SEAFRONT investment, improving hospital services and creating jobs will be priorities for Eastbourne Borough Council as it heads into a third term under Liberal Democrat control.

Councillor David Tutt, the re-elected leader of the council, said “we will do our best to protect the most vulnerable in society” as he celebrated his party increasing its majority by three seats.

The party took Upperton ward from the Tories, giving it 18 councillors to their opponents’ nine, a resounding victory one day after former Lib Dem MP Stephen Lloyd lost his parliamentary seat.

Coun Tutt welcomed the result as a “massive vote of confidence and an endorsement for Stephen Lloyd and all his work.”

He added: “Also importantly it is about the programme we have already delivered and the fact that when we said we would not increase council tax we did not.”

The Lib Dem and the Conservatives remain the only two parties on the council, with the Liberal Democrats holding the wards of Devonshire, Hampden Park, Langney, Old Town and St Anthony’s and winning all three seats in Upperton, while the Tories held onto Meads, Ratton and Sovereign.

Lib Dem Councillor Pat Rodohan, who also represents Upperton on the county council, put his win down to “working for people in the area”.

He added: “People were not frightened off by an advertising campaign.

“I am referring to the huge spending on the election in general.

“And we won because of the popularity of the outgoing MP.”

Fellow newly elected Upperton councillor Sammy Choudhury, a businessman entering politics, said he stood “to help people,” while Dean Sabri, elected to St Anthony’s ward, said he hoped to deliver “more affordable housing, that is really affordable”.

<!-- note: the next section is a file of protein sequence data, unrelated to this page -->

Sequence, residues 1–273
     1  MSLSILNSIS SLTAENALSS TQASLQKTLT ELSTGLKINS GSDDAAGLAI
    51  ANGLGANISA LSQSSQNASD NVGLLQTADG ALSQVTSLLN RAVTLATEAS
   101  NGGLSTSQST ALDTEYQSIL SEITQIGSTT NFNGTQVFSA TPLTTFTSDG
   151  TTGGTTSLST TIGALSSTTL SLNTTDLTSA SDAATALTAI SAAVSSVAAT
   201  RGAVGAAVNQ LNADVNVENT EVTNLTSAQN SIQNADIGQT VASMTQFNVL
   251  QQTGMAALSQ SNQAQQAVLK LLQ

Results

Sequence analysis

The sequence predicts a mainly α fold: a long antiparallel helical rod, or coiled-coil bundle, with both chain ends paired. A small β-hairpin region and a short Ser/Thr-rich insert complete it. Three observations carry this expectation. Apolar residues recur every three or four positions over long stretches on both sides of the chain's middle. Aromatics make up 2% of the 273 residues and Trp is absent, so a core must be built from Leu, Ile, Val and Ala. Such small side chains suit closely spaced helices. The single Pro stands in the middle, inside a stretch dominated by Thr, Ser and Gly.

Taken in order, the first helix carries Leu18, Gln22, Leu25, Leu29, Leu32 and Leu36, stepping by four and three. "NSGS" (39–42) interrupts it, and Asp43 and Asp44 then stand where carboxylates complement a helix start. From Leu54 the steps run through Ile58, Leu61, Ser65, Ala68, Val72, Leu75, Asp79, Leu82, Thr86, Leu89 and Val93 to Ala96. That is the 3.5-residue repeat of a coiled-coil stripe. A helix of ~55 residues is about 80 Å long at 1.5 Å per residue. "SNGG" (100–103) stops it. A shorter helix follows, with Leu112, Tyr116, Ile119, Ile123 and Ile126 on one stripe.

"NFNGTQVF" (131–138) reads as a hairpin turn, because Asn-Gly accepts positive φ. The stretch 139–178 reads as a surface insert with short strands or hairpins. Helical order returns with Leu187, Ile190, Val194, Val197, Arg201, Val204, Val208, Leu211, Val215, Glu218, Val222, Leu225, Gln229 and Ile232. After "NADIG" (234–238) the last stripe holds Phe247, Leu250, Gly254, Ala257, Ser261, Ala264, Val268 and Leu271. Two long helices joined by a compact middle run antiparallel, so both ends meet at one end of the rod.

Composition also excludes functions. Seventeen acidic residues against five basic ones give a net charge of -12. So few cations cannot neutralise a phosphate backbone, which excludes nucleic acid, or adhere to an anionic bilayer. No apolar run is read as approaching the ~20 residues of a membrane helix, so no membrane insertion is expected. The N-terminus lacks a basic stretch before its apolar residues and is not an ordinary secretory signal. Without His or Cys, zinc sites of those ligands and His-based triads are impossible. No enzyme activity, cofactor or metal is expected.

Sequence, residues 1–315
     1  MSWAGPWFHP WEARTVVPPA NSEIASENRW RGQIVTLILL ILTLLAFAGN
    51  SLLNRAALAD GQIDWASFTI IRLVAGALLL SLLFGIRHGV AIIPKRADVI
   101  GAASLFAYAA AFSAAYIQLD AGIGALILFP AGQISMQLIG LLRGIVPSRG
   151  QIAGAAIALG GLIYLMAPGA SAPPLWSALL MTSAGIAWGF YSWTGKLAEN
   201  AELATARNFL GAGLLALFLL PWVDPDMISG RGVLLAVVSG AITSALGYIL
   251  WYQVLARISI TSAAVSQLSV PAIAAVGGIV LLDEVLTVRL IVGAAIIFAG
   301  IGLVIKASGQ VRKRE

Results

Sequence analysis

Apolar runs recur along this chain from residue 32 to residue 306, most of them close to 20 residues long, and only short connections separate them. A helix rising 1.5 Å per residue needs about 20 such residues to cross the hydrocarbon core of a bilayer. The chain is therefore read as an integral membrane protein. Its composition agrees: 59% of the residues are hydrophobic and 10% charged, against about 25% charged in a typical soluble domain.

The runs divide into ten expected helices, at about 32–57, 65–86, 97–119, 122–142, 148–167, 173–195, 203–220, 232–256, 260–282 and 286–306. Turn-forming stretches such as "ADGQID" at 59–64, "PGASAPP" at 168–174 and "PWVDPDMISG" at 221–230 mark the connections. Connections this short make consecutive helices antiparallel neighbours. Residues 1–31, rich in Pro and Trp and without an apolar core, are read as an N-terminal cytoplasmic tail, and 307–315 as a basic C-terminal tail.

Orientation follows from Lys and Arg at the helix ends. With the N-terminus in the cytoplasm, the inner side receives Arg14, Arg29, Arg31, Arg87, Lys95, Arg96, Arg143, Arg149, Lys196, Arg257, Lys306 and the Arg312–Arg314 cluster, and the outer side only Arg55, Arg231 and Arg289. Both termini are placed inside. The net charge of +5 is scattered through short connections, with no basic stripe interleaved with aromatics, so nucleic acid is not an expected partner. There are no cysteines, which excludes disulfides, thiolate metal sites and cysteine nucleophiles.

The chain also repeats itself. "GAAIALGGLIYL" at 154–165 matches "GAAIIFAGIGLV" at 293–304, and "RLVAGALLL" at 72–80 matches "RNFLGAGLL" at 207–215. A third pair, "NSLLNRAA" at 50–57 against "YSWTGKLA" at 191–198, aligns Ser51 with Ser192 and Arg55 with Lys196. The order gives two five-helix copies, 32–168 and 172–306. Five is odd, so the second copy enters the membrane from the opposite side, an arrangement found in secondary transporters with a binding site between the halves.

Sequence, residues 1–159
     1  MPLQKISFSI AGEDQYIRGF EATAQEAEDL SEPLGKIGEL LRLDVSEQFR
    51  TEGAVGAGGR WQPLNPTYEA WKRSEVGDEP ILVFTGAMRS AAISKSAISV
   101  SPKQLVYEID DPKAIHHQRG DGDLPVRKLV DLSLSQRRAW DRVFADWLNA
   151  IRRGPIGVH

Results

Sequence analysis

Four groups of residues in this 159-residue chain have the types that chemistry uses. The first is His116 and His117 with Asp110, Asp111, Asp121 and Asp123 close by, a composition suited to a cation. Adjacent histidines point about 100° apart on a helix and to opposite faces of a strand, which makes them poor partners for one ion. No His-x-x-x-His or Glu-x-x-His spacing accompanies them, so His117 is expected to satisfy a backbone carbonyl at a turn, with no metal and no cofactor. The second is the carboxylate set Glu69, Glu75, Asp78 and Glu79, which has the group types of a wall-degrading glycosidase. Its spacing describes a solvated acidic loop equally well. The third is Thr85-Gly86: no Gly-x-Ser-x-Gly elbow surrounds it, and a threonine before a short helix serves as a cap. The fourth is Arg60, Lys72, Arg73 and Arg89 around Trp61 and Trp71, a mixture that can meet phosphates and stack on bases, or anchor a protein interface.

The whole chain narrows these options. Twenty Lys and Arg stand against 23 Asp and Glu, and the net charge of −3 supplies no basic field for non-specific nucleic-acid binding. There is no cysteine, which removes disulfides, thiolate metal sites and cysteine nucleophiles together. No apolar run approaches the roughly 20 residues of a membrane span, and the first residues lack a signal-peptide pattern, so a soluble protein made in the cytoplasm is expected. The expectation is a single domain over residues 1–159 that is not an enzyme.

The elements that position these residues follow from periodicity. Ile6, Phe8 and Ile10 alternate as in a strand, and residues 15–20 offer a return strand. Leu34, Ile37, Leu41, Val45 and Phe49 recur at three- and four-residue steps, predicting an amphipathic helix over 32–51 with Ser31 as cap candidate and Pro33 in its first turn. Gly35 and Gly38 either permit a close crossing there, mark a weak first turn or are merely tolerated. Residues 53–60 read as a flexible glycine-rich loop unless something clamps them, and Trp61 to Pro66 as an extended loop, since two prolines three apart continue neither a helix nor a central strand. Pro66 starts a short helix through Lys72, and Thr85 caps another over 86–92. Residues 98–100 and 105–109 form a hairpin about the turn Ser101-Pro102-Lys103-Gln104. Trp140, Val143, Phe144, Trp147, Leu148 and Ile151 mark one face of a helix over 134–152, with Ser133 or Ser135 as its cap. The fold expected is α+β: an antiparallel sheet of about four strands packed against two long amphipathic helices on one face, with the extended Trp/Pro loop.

Ukip came third in many of the seats, with its Ratton candidate David Alfred, who got 924 votes, saying “people wanted change”. Elected Langney Lib Dem councillor Troy Tester said he and his fellow ward councillors won because “we are the only people they actually see outside of election time.”

He added: “We keep in touch with people on a regular basis.

“We want to keep council tax down, protect services, increase recycling and protect the open development.”

The make-up of the new Eastbourne Borough Council
Liberal Democrats    18
Conservatives    9


AFTER the Liberal Democrats’ Stephen Lloyd lost his seat in a general election that was catastrophic for the party, its control of the council suddenly looked on shaky ground.

But in the end voters locally stuck to the party in charge since 2007, when the Tories left the council “on the brink of government intervention”, according to its current leader.

As to why voters’ general election choice was so different, many Liberal Democrats at the count blamed Tory scaremongering about a Labour-SNP coalition.

“I am not complaining,” added incumbent council leader David Tutt, adding: “This is politics and it is a cruel business, but they were telling people if they did not vote Conservative then we would have Nicola Sturgeon running the country.

“That was enough [for] people that wanted to vote for Stephen to give their vote to the Tories and I think they are probably regretting it. But we will fight.”

Whatever the blame, the two parties will now have to work together, with the Liberal Democrats more powerful in the council but Eastbourne represented in parliament by a Conservative MP.

Mr Tutt said that was “going to make life harder,” adding: “Stephen Lloyd is not only a very special person but has been outstanding and working with him has made things very much easier as we are clearly joined on our politics.”

The ousted MP attended the count to watch his party hold onto the council, while looking tentatively at his own future with an “enormous mortgage” to pay. He added: “I have been overwhelmed by the response from the whole town over the last 24 hours. I am very grateful and touched to the core.”